Hugo Sinzheimer's grave in the Bloemendaal cemetery.

Commemoration

Memorial plaque at the birthplace in Worms
Memorial plaques on the Reichstag

A memorial plaque is attached to Sinzheimer's birthplace in Worms. The Sinzheim Institute of the Faculty of Law at the University of Amsterdam is named after Sinzheimer, as is a street in Frankfurt am Main. Since 1992 one of the 96 memorial plaques for members of the Reichstag murdered by the National Socialists has been commemorating Sinzheimer near the Reichstag in Berlin . On April 29, 2010, the Otto Brenner Foundation opened the Hugo Sinzheimer Institute for Labor Law (HSI) in Frankfurt am Main. The HSI awards him the Hugo Sinzheimer Prize for outstanding dissertations in the field of labor law and labor law sociology. Prize winners are:

  • 12. Prize winner: Stephan Pötters, Basic Rights and Employee Data Protection
  • 11. Prize Winner: Tim Husemann, The Ban on Party Political Activity - On the Interpretation of Section 74 Paragraph 2 Sentence 3 BetrVG
  • 10. Prize winner: Andrea Potz, Facilitation of evidence in labor law using the example of the law of equal treatment
  • 9. Prize winner: Benedikt Schmidt, collective bargaining pluralism in the system of labor law
  • 8th award winner: Ralf Nöcker, Pension Fund - Pension Fund and Financial Situation
  • 7th Prize Winner: Robert Kretzschmar, The Role of Freedom of Association for Employment Relationships Beyond the Concept of Employees
  • 6. Prize winner: Niklas Wagner, International Protection of Social Rights - the control activities of the Committee of Experts for the Application of the Conventions and Recommendations of the International Labor Organization
  • 5. Prize winner: Annedore Flüchter, collective agreements and conflict resolution in SGB V
  • 4th Prize Winner: Eva Dreyer, Race Relations Act 1976 and Racial Discrimination in Great Britain
  • 3rd award winner: Michael Hammer, The industrial constitutional duty to protect the employee's freedom of self-determination
  • 2. Prize winner: Martina Benecke, participation rights and codetermination in staff representation law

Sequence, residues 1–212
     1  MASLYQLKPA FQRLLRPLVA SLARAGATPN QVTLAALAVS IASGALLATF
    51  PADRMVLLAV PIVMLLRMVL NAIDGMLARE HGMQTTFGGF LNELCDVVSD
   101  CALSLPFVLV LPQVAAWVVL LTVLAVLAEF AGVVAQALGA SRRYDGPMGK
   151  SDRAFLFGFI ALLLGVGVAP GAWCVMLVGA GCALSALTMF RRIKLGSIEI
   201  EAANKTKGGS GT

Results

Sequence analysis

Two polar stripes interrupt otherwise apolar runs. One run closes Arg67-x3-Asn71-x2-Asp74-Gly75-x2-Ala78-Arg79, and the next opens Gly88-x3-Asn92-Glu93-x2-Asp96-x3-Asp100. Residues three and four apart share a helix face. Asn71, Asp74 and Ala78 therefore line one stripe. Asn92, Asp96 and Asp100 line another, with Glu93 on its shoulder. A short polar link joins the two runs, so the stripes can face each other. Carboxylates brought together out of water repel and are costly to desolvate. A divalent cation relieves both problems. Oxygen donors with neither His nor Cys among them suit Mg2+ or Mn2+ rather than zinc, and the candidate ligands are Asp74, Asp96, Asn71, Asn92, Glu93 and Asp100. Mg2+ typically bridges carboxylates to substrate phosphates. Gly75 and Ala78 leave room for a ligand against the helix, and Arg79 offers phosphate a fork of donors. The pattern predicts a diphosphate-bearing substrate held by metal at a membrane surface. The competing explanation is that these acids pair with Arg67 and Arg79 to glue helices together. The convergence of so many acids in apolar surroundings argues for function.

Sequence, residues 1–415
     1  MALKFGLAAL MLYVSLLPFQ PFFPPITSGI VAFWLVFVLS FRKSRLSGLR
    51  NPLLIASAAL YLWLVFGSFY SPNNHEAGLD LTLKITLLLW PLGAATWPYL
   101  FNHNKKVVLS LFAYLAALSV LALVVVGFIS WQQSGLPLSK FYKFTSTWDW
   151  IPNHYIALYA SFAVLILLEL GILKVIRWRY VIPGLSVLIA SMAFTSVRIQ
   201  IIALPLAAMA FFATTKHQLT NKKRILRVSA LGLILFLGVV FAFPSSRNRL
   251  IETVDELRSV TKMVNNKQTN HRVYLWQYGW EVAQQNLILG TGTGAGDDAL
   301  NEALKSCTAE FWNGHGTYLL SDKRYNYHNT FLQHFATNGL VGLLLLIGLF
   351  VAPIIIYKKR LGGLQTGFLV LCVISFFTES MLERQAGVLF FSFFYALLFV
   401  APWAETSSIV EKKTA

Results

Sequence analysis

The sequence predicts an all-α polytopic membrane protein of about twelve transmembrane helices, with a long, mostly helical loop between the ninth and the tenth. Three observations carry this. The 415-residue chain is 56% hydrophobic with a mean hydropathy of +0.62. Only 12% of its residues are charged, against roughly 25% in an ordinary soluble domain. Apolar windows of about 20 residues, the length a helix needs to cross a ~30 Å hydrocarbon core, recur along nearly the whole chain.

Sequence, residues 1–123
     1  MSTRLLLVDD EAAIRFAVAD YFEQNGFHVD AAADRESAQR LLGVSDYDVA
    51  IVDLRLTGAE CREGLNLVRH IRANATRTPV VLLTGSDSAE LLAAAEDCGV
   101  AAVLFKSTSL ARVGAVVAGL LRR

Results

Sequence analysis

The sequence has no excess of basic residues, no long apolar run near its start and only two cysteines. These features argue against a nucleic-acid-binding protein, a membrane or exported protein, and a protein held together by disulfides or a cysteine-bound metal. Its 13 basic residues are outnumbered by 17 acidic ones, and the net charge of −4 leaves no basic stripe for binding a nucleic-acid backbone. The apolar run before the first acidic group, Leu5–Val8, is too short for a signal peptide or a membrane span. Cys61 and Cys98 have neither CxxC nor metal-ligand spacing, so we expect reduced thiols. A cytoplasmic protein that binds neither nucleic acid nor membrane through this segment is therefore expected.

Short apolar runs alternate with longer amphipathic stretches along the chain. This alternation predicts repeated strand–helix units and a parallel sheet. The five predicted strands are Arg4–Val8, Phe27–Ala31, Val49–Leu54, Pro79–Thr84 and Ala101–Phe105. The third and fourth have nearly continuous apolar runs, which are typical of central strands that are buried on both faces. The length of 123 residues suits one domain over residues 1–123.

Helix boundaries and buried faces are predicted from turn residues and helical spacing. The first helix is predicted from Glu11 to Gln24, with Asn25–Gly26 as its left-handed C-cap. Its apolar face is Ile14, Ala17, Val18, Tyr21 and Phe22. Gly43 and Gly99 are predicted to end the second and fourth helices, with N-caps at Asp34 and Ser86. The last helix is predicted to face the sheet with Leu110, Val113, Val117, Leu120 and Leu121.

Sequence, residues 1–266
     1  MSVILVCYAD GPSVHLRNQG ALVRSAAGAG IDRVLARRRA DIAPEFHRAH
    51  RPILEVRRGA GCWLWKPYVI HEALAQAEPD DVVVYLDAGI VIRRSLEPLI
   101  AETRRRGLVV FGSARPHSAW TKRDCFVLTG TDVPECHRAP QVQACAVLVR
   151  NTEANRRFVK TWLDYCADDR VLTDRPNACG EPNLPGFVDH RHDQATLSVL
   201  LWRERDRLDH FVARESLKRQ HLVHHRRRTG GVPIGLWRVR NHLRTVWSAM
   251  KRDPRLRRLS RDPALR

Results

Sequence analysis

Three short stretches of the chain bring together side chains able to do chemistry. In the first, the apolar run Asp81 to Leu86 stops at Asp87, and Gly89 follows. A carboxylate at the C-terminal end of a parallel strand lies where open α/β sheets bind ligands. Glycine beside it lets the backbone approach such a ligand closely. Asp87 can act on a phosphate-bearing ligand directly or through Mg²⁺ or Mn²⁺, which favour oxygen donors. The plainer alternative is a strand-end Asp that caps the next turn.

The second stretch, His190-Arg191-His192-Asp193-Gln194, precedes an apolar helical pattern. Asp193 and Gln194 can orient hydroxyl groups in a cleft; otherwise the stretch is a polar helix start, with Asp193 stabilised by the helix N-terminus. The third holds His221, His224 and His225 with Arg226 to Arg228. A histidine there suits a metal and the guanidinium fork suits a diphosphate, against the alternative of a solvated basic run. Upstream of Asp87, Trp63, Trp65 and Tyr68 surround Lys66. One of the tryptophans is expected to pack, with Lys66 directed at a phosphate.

• 1st prize winner: Martin Becker, employment contract and employment relationship in Germany. From the beginning of industrialization to the end of the German Empire

Individual evidence

  1. Martin Schumacher (Ed.): MdR The Reichstag members of the Weimar Republic in the time of National Socialism. Political persecution, emigration and expatriation 1933–1945. 3rd edition, Droste-Verlag, Düsseldorf 1994, ISBN 3-7700-5183-1 , pp. 475, 477.
  2. ^ With reference to information provided by Sinzheimer's daughter: Schumacher, MdR , p. 477.
  3. Eberhard Kolb, Friedrich Ebert as President of the Reich - Administration and Understanding of Office , Oldenbourg Wissenschaftsverlag, 1997, ISBN 3-486-56107-3 , page 39, footnote 98.
  4. Now under the umbrella of the Hans Böckler Foundation . HSI. Accessed December 31, 2018.

Fonts

  • Wages and offsetting. A contribution to the teaching of commercial employment contracts on the basis of imperial law. Diss. Univ. Heidelberg, Berlin 1902.
  • The corporate labor standards contract. Leipzig 1907.
  • Do we need a labor tariff law? Legal issues of the collective agreement. Jena 1913.
  • A labor tariff law. The idea of ​​social self-determination in law. 1916.
  • Basics of labor law. Jena 1921.
  • The problem of man in law. Groningen 1933.
  • Jewish classics of German law. Amsterdam 1938 ( reprinted by Vittorio Klostermann with a foreword by Franz Böhm , Frankfurt am Main 1953).
  • Legislation theory. The idea of ​​evolution in law. Haarlem 1949 (posthumous)
  • Labor law and sociology of law. Collected essays and speeches. Published by Otto Kahn-Freund and Thilo Ramm, two volumes, Europäische Verlagsanstalt, Frankfurt am Main 1976.

literature

Web links

Commons : Hugo Sinzheimer  - Collection of images, videos and audio files